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    1. Dormouse, last summer I had to miss a cruise to Italy, Greece, and Croatia with my mom and sister, because in mid April I badly damaged my right ankle. Was walking with a brace and a cane for awhile. My podiatrist suggested only wearing athletic shoes with good support or hiking boots (ditto)... no cute sandals, no flip-flops, no slippers... even around the house. You could get fitted for orthotics, too. Anyway, little by little I've been able to increase the amount of time I can walk so that now I can go antiquing with my husband for hours on a weekend without pain. If I'm on uneven ground, I use a cane. Next step (pun intended) is to start walking for exercise during the week. My 81 yr. old mom walks a mile every morning. I'd like to be able to do that. Well... maybe not *every* morning. :-)

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  2. The philosopher Kierkagaard says that 'you can walk yourself out of anything', meaning, illness, depression, etc etc. I believe that he is right. Good post Ilona

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  3. Totally agree, I have a crumbling spine and nerve damage. It took weeks to get back on my feet and several to be able to walk to the end of the drive, little by little I walked further and further and ended up rescuing a house full of dogs so I could walk them and have a purpose rather than look like I was casing up peoples houses!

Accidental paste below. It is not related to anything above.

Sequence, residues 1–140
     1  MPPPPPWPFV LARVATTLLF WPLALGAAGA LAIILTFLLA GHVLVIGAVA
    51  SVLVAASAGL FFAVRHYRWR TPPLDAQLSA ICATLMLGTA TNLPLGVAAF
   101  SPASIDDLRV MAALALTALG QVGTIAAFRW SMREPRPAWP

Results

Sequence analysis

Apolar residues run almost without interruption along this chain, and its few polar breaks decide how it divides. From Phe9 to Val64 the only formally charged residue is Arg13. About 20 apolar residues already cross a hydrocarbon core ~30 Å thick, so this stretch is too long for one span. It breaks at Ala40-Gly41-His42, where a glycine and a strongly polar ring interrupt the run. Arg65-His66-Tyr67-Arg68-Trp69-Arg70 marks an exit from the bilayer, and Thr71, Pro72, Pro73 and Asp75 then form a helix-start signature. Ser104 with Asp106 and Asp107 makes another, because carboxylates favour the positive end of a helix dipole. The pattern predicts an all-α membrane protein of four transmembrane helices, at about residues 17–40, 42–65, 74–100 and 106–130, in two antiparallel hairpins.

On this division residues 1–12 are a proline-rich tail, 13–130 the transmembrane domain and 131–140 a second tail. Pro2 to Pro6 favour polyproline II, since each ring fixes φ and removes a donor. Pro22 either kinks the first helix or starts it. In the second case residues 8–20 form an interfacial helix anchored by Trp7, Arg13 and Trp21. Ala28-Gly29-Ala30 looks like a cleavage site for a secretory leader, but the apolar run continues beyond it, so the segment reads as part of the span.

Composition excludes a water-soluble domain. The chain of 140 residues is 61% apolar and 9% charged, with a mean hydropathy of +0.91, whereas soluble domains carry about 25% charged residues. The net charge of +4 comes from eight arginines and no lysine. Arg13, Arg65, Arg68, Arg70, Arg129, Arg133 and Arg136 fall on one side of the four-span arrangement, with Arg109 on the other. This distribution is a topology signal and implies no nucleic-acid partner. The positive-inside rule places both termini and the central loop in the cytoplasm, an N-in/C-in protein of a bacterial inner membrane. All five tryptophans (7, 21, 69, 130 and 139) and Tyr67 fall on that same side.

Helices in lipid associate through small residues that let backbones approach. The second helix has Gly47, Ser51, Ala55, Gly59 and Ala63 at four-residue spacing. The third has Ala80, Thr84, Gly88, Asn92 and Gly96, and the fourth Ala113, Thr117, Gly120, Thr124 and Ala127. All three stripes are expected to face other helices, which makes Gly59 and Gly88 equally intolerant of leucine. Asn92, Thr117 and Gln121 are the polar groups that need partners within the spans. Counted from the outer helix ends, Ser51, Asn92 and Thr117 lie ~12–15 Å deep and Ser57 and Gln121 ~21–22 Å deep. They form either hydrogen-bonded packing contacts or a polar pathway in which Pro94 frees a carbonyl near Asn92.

My health is better and the dogs got a new home, everyone's a winner.

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  4. Hi Ilona, thanks for your comment over at mine. I'm walking in Nottinghamshire....so not that far from you. I read all these points with interest and they reinforced why I love walking.
    I hope you have a great time tomorrow...you are an inspiration.
    Jacquie x

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  5. We love walking - having a dog makes us get out even when we don't feel like it! Yesterday we walked a circuit of Brown Clee (Shrophire's highest peak and our favourite local walk) - fabulous views all round from a 1000 plus feet and hardly a soul in sight...perfect!

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  6. We became a car-free household on 1st April, so I've been walking a lot more! I used to have a lot of joint pain after walking on hard surfaces, even if I wore well supported footwear. Since I adopted a plant -based diet 2 years ago the pain has disappeared, which means I no longer suffer agonies after going out walking.